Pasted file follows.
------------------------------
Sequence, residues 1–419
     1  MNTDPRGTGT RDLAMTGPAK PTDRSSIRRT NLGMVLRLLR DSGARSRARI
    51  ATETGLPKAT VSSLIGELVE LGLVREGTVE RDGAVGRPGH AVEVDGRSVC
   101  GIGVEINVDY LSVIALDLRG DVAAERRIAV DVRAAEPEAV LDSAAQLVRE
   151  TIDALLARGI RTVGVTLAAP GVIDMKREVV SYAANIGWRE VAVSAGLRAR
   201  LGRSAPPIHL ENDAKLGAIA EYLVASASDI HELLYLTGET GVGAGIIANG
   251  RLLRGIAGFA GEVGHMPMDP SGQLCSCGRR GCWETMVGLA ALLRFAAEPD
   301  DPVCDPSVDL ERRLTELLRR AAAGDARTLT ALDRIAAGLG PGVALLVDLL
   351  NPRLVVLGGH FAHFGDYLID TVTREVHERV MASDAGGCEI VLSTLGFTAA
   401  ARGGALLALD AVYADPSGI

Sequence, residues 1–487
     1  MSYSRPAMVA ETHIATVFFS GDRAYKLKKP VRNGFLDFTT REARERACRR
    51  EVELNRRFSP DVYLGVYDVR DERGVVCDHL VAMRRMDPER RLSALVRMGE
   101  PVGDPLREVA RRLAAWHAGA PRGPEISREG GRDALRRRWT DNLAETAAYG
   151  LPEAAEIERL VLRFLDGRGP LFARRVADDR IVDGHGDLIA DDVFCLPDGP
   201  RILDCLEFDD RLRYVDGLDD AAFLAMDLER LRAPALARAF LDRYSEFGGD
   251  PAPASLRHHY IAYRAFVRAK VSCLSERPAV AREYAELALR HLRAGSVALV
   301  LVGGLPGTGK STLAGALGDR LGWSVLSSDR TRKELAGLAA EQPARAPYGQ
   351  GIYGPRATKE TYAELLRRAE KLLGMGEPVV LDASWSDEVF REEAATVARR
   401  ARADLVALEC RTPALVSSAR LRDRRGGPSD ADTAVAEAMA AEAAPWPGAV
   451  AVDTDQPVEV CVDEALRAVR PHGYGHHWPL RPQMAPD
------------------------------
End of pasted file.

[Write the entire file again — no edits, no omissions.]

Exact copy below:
Sequence, residues 1–419
     1  MNTDPRGTGT RDLAMTGPAK PTDRSSIRRT NLGMVLRLLR DSGARSRARI
    51  ATETGLPKAT VSSLIGELVE LGLVREGTVE RDGAVGRPGH AVEVDGRSVC
   101  GIGVEINVDY LSVIALDLRG DVAAERRIAV DVRAAEPEAV LDSAAQLVRE
   151  TIDALLARGI RTVGVTLAAP GVIDMKREVV SYAANIGWRE VAVSAGLRAR
   201  LGRSAPPIHL ENDAKLGAIA EYLVASASDI HELLYLTGET GVGAGIIANG
   251  RLLRGIAGFA GEVGHMPMDP SGQLCSCGRR GCWETMVGLA ALLRFAAEPD
   301  DPVCDPSVDL ERRLTELLRR AAAGDARTLT ALDRIAAGLG PGVALLVDLL
   351  NPRLVVLGGH FAHFGDYLID TVTREVHERV MASDAGGCEI VLSTLGFTAA
   401  ARGGALLALD AVYADPSGI

Sequence, residues 1–487
     1  MSYSRPAMVA ETHIATVFFS GDRAYKLKKP VRNGFLDFTT REARERACRR
    51  EVELNRRFSP DVYLGVYDVR DERGVVCDHL VAMRRMDPER RLSALVRMGE
   101  PVGDPLREVA RRLAAWHAGA PRGPEISREG GRDALRRRWT DNLAETAAYG
   151  LPEAAEIERL VLRFLDGRGP LFARRVADDR IVDGHGDLIA DDVFCLPDGP
   201  RILDCLEFDD RLRYVDGLDD AAFLAMDLER LRAPALARAF LDRYSEFGGD
   251  PAPASLRHHY IAYRAFVRAK VSCLSERPAV AREYAELALR HLRAGSVALV
   301  LVGGLPGTGK STLAGALGDR LGWSVLSSDR TRKELAGLAA EQPARAPYGQ
   351  GIYGPRATKE TYAELLRRAE KLLGMGEPVV LDASWSDEVF REEAATVARR
   401  ARADLVALEC RTPALVSSAR LRDRRGGPSD ADTAVAEAMA AEAAPWPGAV
   451  AVDTDQPVEV CVDEALRAVR PHGYGHHWPL RPQMAPD